God did not make it easy for the Israelites in the wilderness. He said, "I allowed you to go hungry." He made it difficult for them so that we would understand that everything connected to life, once God converts us, is not going to be easy, and sometimes understanding what He is saying is going to be very, very difficult. How difficult? Well, so difficult that another apostle said that they are difficult! If the apostle thought they were hard to understand, they are going to be harder to understand for you and me who do not have the same measure of experience or the same measure of God's Spirit as those men did.
We do not want to fall into the same trap as the unconverted and twist Paul's writings to our destruction, and so that makes understanding Paul's scriptures very serious business. Be patient, knowing that when you look into the writings of these anti-law commentators that there is a built-in bias against God's law in what they write. When they set aside God's law as something as not being required of a Christian for salvation, that setting aside is made on the basis of those perverted judgments. They will be there.
We are going to let James, another apostle, explain to us what the process is. This was to me shocking. To tell you the truth, I never quite thought of it this way, and it was because I did not understand what James was saying, but I do now.
James 4:11 Speak not evil one of another, brethren. He that speaks evil of his brother, and judges his brother speaks evil of the law, and judges the law: but if you judge the law, you are not a doer of the law, but a judge.
What James wrote there is very good to understand. James is using slander here as an example of sin, but any sin will do. Any sin would serve as the example. When we slander a brother, or anyone for that matter, we have in actual fact twisted God's requirement that we do not do this. By judging that God's law against slander does not apply to us, we therefore set ourselves above the law. Do you get that? We have actually put ourselves in the place of God by setting our own standard. We say, "Well, that doesn't apply to me." Oh yes it does, and so we have set our own standard.
Do you know what we do? We do exactly what Satan motivated Adam and Eve to do in the Garden of Eden. He cynically said to them, "You shall be as God, knowing good and evil." They set their own standard. What God had told them did not apply to them. They set their own standard. They judged that God's standard was not good enough for them, and therefore they took of what God said not to do.
This has another interesting ramification, and that is that we have knowledge of God's law in a way that the unconverted do not have. If we sin, we usually know it. We are then forced to supply all kinds of justification for our act in order to avoid the pangs of guilt. Well, why not just avoid the pangs of guilt by simply not sinning in the first place? This is exactly what Paul was, and to this day, is exhorting Christians in his writings: "Do not break the law."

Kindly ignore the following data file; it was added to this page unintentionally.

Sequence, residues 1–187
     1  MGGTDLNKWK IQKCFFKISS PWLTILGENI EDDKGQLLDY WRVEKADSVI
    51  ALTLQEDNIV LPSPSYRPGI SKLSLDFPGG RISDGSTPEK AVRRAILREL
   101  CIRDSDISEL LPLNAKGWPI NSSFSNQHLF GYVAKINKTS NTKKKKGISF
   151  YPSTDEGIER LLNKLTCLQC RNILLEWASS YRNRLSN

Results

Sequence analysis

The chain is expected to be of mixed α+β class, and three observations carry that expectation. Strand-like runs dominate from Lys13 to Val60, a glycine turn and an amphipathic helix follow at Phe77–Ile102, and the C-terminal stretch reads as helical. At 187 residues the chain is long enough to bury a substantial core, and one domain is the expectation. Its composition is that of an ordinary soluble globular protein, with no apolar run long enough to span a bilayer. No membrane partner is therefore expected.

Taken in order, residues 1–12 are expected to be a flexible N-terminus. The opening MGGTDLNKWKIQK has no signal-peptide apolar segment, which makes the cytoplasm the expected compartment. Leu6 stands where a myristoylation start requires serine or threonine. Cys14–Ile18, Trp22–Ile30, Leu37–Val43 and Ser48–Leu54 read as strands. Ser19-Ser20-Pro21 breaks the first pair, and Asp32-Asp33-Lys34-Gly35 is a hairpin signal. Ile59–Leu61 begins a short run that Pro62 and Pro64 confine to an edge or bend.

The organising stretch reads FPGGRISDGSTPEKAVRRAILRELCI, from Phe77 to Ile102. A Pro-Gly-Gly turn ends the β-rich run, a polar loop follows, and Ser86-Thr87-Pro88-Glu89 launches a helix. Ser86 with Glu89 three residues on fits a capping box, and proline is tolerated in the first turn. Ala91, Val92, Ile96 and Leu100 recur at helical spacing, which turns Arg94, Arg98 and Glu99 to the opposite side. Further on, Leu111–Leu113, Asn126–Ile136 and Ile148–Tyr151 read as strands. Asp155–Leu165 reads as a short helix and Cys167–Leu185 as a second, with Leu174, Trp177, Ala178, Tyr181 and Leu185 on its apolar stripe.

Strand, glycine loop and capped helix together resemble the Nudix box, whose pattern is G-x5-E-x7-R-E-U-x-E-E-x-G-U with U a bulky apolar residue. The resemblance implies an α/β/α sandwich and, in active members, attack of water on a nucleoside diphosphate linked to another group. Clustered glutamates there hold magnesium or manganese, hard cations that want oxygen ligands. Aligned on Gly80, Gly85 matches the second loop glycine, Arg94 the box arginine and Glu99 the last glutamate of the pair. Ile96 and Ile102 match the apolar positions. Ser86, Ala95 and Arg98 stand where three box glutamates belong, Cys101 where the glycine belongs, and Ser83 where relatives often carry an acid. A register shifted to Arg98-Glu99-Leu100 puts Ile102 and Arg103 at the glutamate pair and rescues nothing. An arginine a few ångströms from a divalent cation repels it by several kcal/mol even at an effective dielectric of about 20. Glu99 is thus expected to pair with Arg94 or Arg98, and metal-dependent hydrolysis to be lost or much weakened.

I am going to carry this a little bit further.
Let us look at Galatians 2 again, where Paul writes something very similar, but adds something to that.
Galatians 2:15-16 We who are Jews by nature, and not sinners of the Gentiles, knowing that a man is not justified by the works of the law, but by the faith of Jesus Christ, even we have believed in Jesus Christ, that we might be justified by the faith of Christ and not by the works of the law: for by the works of the law shall no flesh be justified.
Up to this point it sounds very much like what Paul wrote in Romans 3:28. In fact, it is virtually the same thing: "By deeds of the law, nobody is justified."
Galatians 2:17-18 But if, while we seek to be justified by Christ, we ourselves also are found sinners [that is, to break the law], is therefore Christ the minister of sin? God forbid. For if I build again the things which I destroyed, I make myself a transgressor.
Keeping God's law has not even one time, since mankind was created, ever justified a single person before God. The function of God's law is to define righteousness. It defines sin, but it does not justify. Law guides us along a path of life. We are going to go back to Psalm 119 where we will see this confirmed.
Psalm 119:105 Your word is a lamp unto my feet, and a light unto my path.
Proverbs 6:23 For the commandment is a lamp; and the law is light; and reproofs of instruction are the way of life.
There is always an underlying theme in Paul's writings that sin is very serious business, but I have seen those verses that I originally read here—Romans 3:28 and Galatians 2:16—used to support a "no-law" position; i.e., that we are not required to keep God's law. What these verses clearly say is that nobody can be justified by keeping the law, keeping any law of God. The argument of these "no law" people is, "Why be concerned about keeping something that can't make one right before God?"